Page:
Pentester Origin Story: How did you first get involved in pentesting?
In my previous life, I used to work as a Java developer in the late 2000s, and I came across some forums related to that obscure dark thing called "Hacking," and it immediately caught my interest. Then I started to dig deeper and deeper until I realized that I understood some interesting things (and it was more fun than my job). Then, I changed my profile to Linux sysadmin for a few years to finally jump to offensive security.
What motivates you when it comes to pentesting?
As a retired developer, I love understanding how a site has been built and the logic behind it, to figure out how or why something is working that way, and then abuse it, of course. Furthermore, being in a field that requires constant updating and a great deal of specialization motivates me a lot. Also, as a FOSS-minded guy, I love contributing to the community by developing free tools and resources such as the reconFTW tool or the Pentest Book.
What do you feel makes a good pentest engagement?
From my experience, I believe that a good combination of a well-measured scope, a stable test environment as close as possible to the production environment, combined with teamwork between the pentesters and the technical managers of the audited application would be the ingredients of a perfect pentest.
What kind of targets excites you the most? Do you have a favorite vulnerability type?
I like to switch between different types of lenses, but I usually like new technologies that I know nothing about and require me to research on my own are the types of pentests I like the most. As for vulnerabilities, I like to go for high-severity findings like Remote Code Execution or SQL injections, they are also the most fun to find, exploit or find a specific bypass for the defenses in place.
Where do you go to learn about different security concepts? Are there specific pages/handles you follow?
I usually find the latest and most interesting topics on Twitter; some of my favorite profiles are @hacker_, @jhaddix, @MrTuxracer, @fransrosen, or @mrd0x. Also, some good references to learn new types of attacks or read different approaches to already known vulnerabilities is HackerOne's hacktivity page; the research done by the PortSwigger team is also a goldmine. I love Intigriti's Bug Bytes and @securibee's newsletter to stay up to date.
How do you conduct research and recon for a pentest?
I usually first try to fingerprint the application technologies while running some web fuzzing, crawling, and/or manual navigation through proxy to get the full picture of the whole application at a general level. Depending on the above results, I go for parts of the application that may have more functionality or user input.
What are the go-to tools you leverage?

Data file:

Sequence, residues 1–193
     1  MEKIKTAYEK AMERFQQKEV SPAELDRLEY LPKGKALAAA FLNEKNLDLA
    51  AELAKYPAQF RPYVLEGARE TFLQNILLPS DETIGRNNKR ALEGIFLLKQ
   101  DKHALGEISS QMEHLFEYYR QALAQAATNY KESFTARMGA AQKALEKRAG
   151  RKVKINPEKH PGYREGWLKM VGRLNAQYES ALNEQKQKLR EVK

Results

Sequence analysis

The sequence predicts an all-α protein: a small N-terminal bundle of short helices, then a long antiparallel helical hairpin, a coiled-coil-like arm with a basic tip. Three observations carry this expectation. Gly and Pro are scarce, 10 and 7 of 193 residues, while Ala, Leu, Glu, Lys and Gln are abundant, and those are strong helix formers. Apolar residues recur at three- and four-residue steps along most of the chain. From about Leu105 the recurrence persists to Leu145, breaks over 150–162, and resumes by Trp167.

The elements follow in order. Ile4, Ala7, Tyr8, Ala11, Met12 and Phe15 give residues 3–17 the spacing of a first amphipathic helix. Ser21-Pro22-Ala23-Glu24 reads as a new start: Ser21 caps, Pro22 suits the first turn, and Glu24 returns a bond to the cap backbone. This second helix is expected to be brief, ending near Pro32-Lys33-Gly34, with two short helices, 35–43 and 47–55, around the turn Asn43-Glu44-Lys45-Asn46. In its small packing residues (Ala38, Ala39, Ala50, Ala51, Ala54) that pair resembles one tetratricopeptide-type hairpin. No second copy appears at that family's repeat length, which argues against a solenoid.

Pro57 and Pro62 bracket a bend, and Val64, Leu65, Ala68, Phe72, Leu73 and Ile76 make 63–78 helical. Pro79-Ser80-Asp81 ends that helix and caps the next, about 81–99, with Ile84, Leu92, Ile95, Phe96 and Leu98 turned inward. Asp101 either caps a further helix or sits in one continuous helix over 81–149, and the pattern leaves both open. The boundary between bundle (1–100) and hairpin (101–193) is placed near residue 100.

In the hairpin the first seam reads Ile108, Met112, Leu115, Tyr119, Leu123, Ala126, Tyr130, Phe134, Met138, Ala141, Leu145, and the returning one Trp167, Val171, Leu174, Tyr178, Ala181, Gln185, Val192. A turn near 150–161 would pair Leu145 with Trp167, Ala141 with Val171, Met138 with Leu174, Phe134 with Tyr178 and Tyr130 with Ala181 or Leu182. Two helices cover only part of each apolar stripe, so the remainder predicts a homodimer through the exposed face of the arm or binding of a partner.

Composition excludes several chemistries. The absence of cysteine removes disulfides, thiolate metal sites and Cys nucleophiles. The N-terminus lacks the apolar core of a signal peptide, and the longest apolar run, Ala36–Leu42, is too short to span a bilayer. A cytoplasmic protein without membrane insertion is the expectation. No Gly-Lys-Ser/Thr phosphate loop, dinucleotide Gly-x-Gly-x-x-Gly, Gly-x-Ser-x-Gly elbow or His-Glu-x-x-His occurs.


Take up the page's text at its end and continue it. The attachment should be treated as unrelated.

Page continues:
I love OWASP's Amass tool for large targets; on small targets or web applications, I tend to rely on ffuf for multiple tasks, not just web fuzzing per se. Like most people in the industry, I use the Burp suite as the default web proxy and love to develop my own bash scripts for ad-hoc testing, depending on needs.
What advice would you offer to someone interested in getting into pentesting? What do you wish you had known before you started?
I would strongly advise learning at least the basics of networking, programming, Linux, and web servers, it's not mandatory to jump into the field, but it will go a long way in helping you understand what's going on under the hood and be more resolute when faced with any challenge.
When I started out, I wish I had known how important it is to do your own research to understand how everything works; it's good to read to learn, but get your hands dirty as soon as possible.
What do you wish every company/customer knew before starting a pentest?
The more information they provide to the pentesters, the more valuable the assessment time will be for both parties. In addition, having a contact person with complete technical knowledge of the application helps solve specific doubts.
What do you like to do outside of hacking?
When I'm not in front of the computer, what I like the most is to do any mountain sport, especially climbing and hiking. The feeling when you get to the top of the mountain is almost as pleasant as when you see that you have managed to be rooted in a remote target :P
What are your short-term and long-term goals?
For now, I want to keep researching, learning, and improving the things that interest me the most, like reconnaissance, asset discovery, and automation. I am also quite interested in Azure pentesting and red teaming, so I keep up to date in this field. Long term, I don't have anything planned, just to stay in this field and see what the future holds.